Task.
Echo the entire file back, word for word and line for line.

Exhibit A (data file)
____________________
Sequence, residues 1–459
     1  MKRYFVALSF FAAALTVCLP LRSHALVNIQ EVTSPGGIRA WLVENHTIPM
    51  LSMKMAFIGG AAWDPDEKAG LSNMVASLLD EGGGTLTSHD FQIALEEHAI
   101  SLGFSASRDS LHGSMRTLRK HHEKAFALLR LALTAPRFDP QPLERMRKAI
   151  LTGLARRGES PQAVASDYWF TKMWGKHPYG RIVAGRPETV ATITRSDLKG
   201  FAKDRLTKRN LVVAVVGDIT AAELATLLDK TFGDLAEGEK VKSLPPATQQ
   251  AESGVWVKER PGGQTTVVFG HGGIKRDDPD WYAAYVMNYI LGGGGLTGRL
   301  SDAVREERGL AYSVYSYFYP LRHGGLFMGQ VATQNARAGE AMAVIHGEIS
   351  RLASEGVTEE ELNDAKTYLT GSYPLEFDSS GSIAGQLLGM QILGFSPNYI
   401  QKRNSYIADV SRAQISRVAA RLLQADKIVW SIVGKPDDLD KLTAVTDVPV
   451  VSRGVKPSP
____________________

Sequence, residues 1–459
     1  MKRYFVALSF FAAALTVCLP LRSHALVNIQ EVTSPGGIRA WLVENHTIPM
    51  LSMKMAFIGG AAWDPDEKAG LSNMVASLLD EGGGTLTSHD FQIALEEHAI
   101  SLGFSASRDS LHGSMRTLRK HHEKAFALLR LALTAPRFDP QPLERMRKAI
   151  LTGLARRGES PQAVASDYWF TKMWGKHPYG RIVAGRPETV ATITRSDLKG
   201  FAKDRLTKRN LVVAVVGDIT AAELATLLDK TFGDLAEGEK VKSLPPATQQ
   251  AESGVWVKER PGGQTTVVFG HGGIKRDDPD WYAAYVMNYI LGGGGLTGRL
   301  SDAVREERGL AYSVYSYFYP LRHGGLFMGQ VATQNARAGE AMAVIHGEIS
   351  RLASEGVTEE ELNDAKTYLT GSYPLEFDSS GSIAGQLLGM QILGFSPNYI
   401  QKRNSYIADV SRAQISRVAA RLLQADKIVW SIVGKPDDLD KLTAVTDVPV
   451  VSRGVKPSP